This map from the Alaska Department of Fish and Game shows the winter and summer habitats of beluga whales in the state. (Courtesy the Alaska Department of Fish and Game)

This map from the Alaska Department of Fish and Game shows the winter and summer habitats of beluga whales in the state. (Courtesy the Alaska Department of Fish and Game)

Beluga research looks at failure to rebound

Two research efforts are taking new approaches to the question of why Cook Inlet’s endangered beluga whales haven’t recovered since hunting restrictions were placed on them in 1999.

Projects by the Alaska Department of Fish and Game and other collaborators aim to close gaps in a basic understanding of Cook Inlet beluga life by examining the large volumes of data collected over past decades of research.

Cook Inlet belugas — one of Alaska’s five distinct beluga populations — were estimated to number 1,293 in a 1979 survey. Because of unregulated subsistence hunting, this number dropped by 47 percent between 1994 and 1998, according to the whale’s federal managing agency, the National Atmospheric and Oceanic Administration’s National Marine Fisheries Service. This trend led NMFS and Alaska Native groups to establish the 1999 harvest limitations. The last authorized beluga hunt in 2005 took two whales.

“This reduction in hunting should have allowed the (Cook Inlet) beluga population to begin increasing at an expected growth rate of between 2 percent and 6 percent per year if subsistence harvest was the only factor limiting population growth,” NMFSs beluga whale recovery plan states. “However, abundance data collected since 1999 indicated that the population did not increase as expected.”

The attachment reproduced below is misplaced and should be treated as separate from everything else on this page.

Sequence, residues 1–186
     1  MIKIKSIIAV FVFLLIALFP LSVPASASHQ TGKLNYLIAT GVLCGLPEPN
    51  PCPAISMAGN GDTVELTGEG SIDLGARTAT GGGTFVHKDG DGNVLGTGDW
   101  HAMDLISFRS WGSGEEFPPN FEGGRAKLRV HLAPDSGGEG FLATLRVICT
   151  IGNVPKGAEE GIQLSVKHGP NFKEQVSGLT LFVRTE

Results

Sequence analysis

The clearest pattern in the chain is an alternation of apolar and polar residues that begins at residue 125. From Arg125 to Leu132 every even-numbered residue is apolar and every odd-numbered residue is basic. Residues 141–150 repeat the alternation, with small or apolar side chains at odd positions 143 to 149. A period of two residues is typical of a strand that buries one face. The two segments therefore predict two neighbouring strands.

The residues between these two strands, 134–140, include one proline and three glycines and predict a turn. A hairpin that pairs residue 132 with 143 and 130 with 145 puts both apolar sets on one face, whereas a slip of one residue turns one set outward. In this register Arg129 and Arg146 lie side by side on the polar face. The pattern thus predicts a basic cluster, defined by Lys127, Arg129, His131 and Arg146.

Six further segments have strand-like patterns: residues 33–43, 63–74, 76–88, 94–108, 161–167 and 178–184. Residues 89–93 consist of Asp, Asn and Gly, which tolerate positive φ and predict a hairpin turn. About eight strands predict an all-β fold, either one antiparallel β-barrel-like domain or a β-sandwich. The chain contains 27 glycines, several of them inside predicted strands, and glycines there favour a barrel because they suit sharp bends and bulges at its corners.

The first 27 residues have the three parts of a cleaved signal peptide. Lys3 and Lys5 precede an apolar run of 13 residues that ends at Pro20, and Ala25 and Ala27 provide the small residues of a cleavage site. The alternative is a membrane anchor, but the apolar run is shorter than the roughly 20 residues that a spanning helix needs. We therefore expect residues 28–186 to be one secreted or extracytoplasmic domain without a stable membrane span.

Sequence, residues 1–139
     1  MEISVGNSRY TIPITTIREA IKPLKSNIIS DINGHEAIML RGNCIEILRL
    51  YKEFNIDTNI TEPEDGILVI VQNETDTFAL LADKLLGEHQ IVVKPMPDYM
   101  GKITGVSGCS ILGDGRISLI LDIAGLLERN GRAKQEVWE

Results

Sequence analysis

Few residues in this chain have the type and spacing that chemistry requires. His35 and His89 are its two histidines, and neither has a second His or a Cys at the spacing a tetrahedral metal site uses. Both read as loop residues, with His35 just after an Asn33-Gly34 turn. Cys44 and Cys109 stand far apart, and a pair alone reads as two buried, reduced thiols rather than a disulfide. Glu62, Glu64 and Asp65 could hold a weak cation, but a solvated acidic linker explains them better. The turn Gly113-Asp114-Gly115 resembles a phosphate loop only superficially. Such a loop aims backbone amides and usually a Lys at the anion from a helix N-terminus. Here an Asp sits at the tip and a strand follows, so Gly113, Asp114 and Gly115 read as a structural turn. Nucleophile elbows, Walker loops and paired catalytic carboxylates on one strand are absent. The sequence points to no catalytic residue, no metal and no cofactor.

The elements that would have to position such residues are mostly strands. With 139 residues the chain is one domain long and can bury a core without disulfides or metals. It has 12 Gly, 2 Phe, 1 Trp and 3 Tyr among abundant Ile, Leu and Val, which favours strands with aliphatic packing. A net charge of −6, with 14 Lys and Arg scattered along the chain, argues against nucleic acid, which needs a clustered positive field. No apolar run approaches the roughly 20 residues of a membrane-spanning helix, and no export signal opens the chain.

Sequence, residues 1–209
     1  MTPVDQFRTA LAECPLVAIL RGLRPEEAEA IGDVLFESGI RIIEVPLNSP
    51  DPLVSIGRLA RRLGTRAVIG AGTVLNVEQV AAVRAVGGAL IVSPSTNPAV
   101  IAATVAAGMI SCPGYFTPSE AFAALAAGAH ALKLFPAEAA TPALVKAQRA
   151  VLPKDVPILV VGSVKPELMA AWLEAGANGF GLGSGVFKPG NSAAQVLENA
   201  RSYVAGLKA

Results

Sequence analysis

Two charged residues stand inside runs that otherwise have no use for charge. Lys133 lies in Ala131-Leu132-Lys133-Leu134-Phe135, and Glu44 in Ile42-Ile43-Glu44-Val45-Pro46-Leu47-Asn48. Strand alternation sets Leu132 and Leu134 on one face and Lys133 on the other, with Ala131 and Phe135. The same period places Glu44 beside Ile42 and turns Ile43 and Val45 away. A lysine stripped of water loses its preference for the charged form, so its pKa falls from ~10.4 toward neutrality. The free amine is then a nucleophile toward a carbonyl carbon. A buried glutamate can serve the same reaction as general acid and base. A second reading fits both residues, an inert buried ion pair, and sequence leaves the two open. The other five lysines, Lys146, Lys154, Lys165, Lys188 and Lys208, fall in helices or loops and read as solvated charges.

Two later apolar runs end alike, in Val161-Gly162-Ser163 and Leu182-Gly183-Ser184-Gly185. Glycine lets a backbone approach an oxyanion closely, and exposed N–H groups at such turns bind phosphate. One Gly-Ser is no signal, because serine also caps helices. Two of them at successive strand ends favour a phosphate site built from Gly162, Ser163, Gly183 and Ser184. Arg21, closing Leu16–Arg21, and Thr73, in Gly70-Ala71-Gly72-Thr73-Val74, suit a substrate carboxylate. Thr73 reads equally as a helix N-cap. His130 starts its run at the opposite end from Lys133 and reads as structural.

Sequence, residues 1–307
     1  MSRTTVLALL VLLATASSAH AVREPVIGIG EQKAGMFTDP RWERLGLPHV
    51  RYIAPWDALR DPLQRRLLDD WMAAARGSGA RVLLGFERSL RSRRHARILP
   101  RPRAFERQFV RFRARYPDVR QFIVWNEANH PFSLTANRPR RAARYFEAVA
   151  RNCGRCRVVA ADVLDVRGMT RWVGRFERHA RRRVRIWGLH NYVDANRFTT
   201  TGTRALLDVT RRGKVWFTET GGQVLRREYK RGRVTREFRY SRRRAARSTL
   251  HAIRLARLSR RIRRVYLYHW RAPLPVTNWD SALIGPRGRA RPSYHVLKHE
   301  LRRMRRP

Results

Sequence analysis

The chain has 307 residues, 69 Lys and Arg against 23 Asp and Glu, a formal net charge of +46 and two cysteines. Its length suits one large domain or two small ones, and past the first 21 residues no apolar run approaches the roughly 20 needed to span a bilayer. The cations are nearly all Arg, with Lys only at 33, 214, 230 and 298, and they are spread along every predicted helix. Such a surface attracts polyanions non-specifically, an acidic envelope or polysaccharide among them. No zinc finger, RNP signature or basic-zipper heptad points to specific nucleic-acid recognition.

Further conservation measures followed: in October 2008, NMFS designated the Cook Inlet belugas as endangered under the Endangered Species Act, and in April 2011 the agency protected 3,016 square miles of Cook Inlet as critical habitat for belugas. Yet the beluga population has continued an annual decline of about 1.3 percent since 1999, leading to the present NMFS-estimated population of 340 whales.

Alaska Department of Fish and Game wildlife biologist Lori Quakenbush said that when she began studying belugas in 2002, researchers were noticing more beluga calves in the groups they observed, leading them to believe that with harvest restricted, the population would begin rebounding in about six years or so.

“Now that the harvest has stopped and the population hasn’t increased, we’re thinking that simultaneously something else was going on,” Quakenbush said. “We thought it was a pretty simple case of more animals being removed from the population than are being born into it, and that’s not a difficult equation. But if you’ve got something else going on at the same time — maybe something with their food availability or potentially something with their social structure — the potential’s there for those kinds of things and we just don’t know until we start putting it together…